Facing up to cruelty to animals.

No more ‘blind eye’ justice as two gets jail

Evening Herald, 13/04/1999

These are the pictures of wanton cruelty which will put two men behind bars for 30 days. A German shepherd lying in its own excrement, dehydrated, unable to stand and a pit bull terrier, a quarter its normal weight, shocked and dying.

  The landmark sentence dished out yesterday to the two Dublin men have been praised by the Dublin Society for the Prevention of Cruelty to Animals, which brought the men to court.


But, today DSPCA Chief Inspector Maurice Byrne said these cases were only “the tip of the iceberg. There are cases like this all over the country”.

  He accused a large group of Irish people of “treating their animals like pieces of furniture, as if they have no feelings and can’t suffer pain”.

  Thomas Conway of Ashwood Drive, Clondalkin and William Murphy of Stanaway Road, Crumlin were each sentenced to 30 days imprisonment and banned from keeping dogs as pets for 10 years.

  Judge James McDonnell described the cases as “shocking” and “atrocious” in the Dublin District Court and slammed them as “wanton neglect”.

  The suffering of these two dogs is not unique. Inspector Byrne notices a sharp increase in cruelty to animals in recent years and says it has reached the stage where “I’d never be surprised about what people can do.

  “Cruelty is right across the spectrum and it’s not confined to any particular age group.”

He gives the example of two Doberman dogs found starving and riddled with skin diseases “in the home of a near millionaire”.


Typical examples of cruelty are the dog with a rope around its neck which had been left there so long, the skin had grown over and gangrene set in,

  Or the car which stopped in Ringsend where someone took a dog from the back and beat it savagely on the footpath. Luckily the society has been given the car registration.

  The DSPCA is snowed under with cruelty cases. “Some days we definitely cannot cope with the work load and we have to prioritise.”


The calls vary from the horror of someone ramming a spike up a dog’s anus to the old person living alone whose dog has died and who doesn’t want to part with the body.

  Not all cases of animal cruelty are deliberate.

  “You get people who, through ignorance or stupidity, let a dog continue to lose weight.

  “Some people are living in such poor circumstances they can’t feed themselves never mind the dog.

  “This is not unusual. There is a lot of poverty in the city.

  “Irish people keep to themselves. They put up a front. Sometimes when you’re called to a house you’d find there isn’t a stick of furniture in the place.”

Inspector Byrne is “delighted” with the outcome of yesterday’s court cases and hope they will “send a signal to all cruel pet owners”.

  Vet Peter McMahon who examined both dogs said the pit bull terrier was one of the worst cases of ill-treatment he had ever come across.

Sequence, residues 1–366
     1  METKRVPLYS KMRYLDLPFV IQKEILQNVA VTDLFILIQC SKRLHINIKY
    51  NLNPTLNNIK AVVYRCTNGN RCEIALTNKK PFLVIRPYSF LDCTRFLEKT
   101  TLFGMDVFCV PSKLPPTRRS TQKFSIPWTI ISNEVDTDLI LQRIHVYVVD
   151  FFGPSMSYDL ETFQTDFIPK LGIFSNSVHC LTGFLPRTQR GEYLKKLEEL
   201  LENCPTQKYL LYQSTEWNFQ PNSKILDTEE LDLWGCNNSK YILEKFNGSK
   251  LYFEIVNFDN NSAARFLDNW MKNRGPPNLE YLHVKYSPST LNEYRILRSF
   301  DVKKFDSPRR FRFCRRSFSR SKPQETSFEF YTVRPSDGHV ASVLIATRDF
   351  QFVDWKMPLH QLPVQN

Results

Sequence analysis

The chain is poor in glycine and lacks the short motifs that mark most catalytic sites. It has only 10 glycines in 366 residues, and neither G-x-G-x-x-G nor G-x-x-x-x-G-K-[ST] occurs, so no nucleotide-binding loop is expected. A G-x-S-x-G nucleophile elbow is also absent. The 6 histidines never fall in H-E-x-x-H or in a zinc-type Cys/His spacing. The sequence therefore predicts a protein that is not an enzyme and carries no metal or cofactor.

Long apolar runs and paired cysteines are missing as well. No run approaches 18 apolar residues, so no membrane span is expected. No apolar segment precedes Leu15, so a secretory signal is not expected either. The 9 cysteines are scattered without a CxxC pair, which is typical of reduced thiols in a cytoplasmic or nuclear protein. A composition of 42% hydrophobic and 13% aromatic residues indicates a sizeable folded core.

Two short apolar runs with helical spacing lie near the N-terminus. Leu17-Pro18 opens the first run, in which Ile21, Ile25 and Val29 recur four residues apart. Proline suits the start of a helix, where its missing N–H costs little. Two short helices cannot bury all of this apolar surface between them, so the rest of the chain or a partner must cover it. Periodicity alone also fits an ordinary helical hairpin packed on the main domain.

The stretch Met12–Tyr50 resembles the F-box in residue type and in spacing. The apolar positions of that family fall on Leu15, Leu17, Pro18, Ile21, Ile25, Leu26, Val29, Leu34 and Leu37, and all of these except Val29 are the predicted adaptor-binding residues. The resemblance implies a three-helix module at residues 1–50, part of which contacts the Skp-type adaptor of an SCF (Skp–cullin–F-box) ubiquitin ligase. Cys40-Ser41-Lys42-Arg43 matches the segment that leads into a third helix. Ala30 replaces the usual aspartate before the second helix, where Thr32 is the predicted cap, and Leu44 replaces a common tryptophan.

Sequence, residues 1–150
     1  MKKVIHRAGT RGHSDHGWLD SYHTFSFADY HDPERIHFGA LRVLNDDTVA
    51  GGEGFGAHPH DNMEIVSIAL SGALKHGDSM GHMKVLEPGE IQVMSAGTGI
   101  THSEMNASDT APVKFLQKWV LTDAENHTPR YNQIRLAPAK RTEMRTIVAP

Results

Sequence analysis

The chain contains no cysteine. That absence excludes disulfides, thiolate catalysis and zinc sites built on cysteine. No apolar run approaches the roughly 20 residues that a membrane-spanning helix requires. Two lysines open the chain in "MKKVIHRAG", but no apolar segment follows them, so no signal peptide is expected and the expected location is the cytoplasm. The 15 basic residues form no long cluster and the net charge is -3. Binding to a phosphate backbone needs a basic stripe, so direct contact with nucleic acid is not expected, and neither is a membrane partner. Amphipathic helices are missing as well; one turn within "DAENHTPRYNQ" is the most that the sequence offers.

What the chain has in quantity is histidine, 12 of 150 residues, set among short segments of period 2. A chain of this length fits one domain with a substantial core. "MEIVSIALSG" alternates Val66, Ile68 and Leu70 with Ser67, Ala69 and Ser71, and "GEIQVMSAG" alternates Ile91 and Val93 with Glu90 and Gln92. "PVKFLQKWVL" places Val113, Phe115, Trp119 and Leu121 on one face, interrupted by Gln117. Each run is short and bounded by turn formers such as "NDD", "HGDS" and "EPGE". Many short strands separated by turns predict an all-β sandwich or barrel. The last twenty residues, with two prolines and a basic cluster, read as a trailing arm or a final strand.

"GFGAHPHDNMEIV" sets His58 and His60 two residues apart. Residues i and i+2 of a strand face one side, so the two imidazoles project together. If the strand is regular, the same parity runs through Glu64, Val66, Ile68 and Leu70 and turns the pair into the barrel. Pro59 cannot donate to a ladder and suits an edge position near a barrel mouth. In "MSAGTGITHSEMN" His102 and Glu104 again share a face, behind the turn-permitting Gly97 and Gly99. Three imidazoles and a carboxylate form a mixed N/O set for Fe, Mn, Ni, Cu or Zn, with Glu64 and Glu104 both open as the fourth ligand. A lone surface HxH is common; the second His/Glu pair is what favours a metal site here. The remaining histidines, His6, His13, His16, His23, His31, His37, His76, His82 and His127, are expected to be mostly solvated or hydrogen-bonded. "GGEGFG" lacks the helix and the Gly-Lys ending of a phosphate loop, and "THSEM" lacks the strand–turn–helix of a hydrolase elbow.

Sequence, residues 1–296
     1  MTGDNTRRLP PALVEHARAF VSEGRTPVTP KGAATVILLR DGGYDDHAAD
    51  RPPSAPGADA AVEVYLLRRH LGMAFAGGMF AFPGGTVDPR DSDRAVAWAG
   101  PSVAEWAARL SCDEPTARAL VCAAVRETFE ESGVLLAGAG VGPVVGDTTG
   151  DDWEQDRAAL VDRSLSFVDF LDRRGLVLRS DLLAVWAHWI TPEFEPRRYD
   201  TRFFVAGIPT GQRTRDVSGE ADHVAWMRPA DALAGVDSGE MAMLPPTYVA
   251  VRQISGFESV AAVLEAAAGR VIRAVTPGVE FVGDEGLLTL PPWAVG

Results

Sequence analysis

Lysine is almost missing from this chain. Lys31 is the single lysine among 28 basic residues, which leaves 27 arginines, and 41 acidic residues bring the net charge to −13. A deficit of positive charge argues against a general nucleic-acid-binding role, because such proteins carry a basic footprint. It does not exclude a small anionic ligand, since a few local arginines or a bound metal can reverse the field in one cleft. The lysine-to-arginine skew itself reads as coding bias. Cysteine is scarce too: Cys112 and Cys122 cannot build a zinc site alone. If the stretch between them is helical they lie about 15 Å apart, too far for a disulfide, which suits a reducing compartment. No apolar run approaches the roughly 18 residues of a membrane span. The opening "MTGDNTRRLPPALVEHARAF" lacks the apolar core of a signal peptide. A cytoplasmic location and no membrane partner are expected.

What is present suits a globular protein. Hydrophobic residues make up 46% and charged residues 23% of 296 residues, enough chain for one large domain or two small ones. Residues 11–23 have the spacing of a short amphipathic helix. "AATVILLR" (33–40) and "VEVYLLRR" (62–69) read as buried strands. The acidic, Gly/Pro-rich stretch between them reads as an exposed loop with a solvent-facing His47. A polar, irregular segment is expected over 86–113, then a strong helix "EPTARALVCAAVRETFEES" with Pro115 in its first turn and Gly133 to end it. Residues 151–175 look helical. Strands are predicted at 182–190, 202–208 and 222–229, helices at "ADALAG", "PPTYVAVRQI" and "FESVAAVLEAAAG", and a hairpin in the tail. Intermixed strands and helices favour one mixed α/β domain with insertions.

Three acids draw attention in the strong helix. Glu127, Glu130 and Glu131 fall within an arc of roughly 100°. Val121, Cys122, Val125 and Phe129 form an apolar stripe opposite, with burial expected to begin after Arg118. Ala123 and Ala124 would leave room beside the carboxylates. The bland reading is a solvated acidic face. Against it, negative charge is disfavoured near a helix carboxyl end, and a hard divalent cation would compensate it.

The German Shepherd had to be lifted out of his garden over a neighbour’s wall on a door used as a make-shift stretcher.

  Both dogs had to be put down because their pain was so great they had no chance of recovery.

  Inspector Robert Kenny of the DSPCA hope the sentences will “send a signal to the people who do this kind of thing, that they won’t get away with it”.


Under new laws someone who is cruel to an animal can be sentenced for up to six months and can be fined up to £1,500.

  The organisation gets calls from all kinds of people.

  “It might be a neighbour. It could be the coalman or the milkman who spots something.

  “Irish people have this thing about squealing. They don’t like ratting and telling and often they wouldn’t call us until the dogs are eating each other from starvation or a dog has died.

  “Everything that comes in here is confidential. In fact we have to keep handwritten records because if they were on computer people would be entitled to see them under the Data Protection laws and that would break the confidentiality.”

There are lots of malicious calls too.

  “We get them every day. Fighting neighbours sometimes use us to get at each other by making a malicious callout.”

Once the organisation gets a call out, they keep a record on the books and make regular checks.

DSPCA’s grim report

In the first three hours of a typical morning the DSPCA got eight cruelty callouts, including:

  1. A dog who kept locked in a cage all day long;
  2. A dog with a rope so long on its neck the skin was gangrenous;
  3. A pony on a green space being stoned with a large visible sore on its back;
  4. A mare with foal tied to ESM pole for the past five days without water;
  5. Two horses tied up for the last week and left without food or water;
  6. Caller worried about two security dogs locked in a cage in well known hospital;
  7. Caller worried about sheep left in a field without water and now missing;
  8. Report of pet shop selling four week old puppies separated from their mother too early;